Peekaboo rainbow, Peekaboo bugs / Peekaboo cactus, Peekaboo hugs.

What do you notice? If your answer is “it rhymes,” you’re my mortal enemy. Metre!!! Screw books that rhyme, seriously, rhyme is and almost always has been irrelevant. Metrics matter. I’ve mentioned this before with other books for wonderful read-alouds: Jamberry and Atticus Caticus are two that spring to mind. The beat in this book goes: dactyl, spondee; dactyl spondee catalectic (just means shortened to drop the unstressed beat) / dactyl, spondee; dactyl, spondaic catalectic. It is thoughtfully chosen to be a perfect bouncing rhythm. Yes, it rhymes. That’s a necessary and important secondary detail, which reinforces the easy-feeling bounceability of the read. The effect is: “PEEK (bounce!)- a-boo, RAIN (bounce!)- bow (and here you slide the slidey bits while the baby or toddler chuckles and squeals),” etc. The things that make your lovely, joyful reading experience with a toddler so very memorable are really worth recognizing and celebrating. So I bid you welcome to the joys of prosody! OK, fine, you don’t have to study prosody, I’ll do that bit. But, please, believe me when I tell you that rhyme is basically incidental to a good reading experience with your kiddo, while metre is profoundly important. I feel so strongly on the subject that I will prove it via the magic of Helen Oxenbury’s classic and perfect book, All Fall Down:

Singing all together, running round and round, bouncy, bouncy, on the bed, all fall down.

That’s the text. That’s it. I read it three times in a row to the Spriggan today and he’d have been happy to keep it up forever. Please note there is what my Changeling would tell me crossly is “ALMOST a rhyme, it’s ALMOST there, Mummy!” But the magic is not in that “well, c’mon, it’s ALMOST there,” it’s in the perfect affinity between the metrics and the text. You lose that, you lose everything.

I hope we now have a perfect understanding on this topic, and if you’re still awake and I haven’t killed the joys of Valentine’s Day for you, you can feel free to excerpt those paragraphs and share them with all authors, editors, publishers, etc., and once we’re having parties again you can read them aloud at parties and people will find you as charming as they find me! Next? OK. I know, I feel relieved, too.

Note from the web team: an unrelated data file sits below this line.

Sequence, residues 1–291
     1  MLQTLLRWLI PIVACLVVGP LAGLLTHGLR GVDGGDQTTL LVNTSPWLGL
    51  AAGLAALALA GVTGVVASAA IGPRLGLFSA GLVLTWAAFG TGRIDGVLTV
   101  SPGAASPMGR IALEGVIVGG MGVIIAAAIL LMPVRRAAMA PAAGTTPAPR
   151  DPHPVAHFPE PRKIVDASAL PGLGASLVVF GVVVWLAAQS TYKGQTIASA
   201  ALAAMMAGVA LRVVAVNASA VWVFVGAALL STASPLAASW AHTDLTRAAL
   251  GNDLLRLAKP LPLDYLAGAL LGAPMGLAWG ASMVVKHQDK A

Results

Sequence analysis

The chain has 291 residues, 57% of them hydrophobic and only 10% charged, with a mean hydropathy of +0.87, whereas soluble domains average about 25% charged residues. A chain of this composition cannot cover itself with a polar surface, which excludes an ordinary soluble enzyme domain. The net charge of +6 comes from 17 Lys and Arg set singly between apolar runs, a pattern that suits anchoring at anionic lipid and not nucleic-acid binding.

I’m not going to tell you much about the exquisite pop-up book LOVE by Robert Sabuda (also sent to me by Candlewick, thanks folks!) because, honestly, there’s not much to say about it except that the experience of going gently through it is beautiful.

I frequently puzzle over the purpose of pop-up books. They’re often designed with very young children in mind, it seems to me: cute animals, cartoonish funny jokes, designed to elicit squeals of joy while you’re singing, for example, “The Wheels on the Bus” or something. Toddlers, however, do not often engage with pop-up books in a fashion designed to preserve their longevity. This one is not designed for toddlers. It’s the sort of book you open carefully with an older child, admiring the artistry and beauty and reading the tender descriptions of what love is to you, and musing over what it might be–

And, indeed, What Is Love? asked Mac Barnett and Carson Ellis.

Well, I want you to imagine, just now a package of the picture book by Mac Barnett and Carson Ellis and the above pop-up book by Robert Sabuda. Share it at the morning table as a family, and it would be sooo perfect and I need one of you readers to do that because I spoiled the whole thing by getting the books ahead of time, dangitall.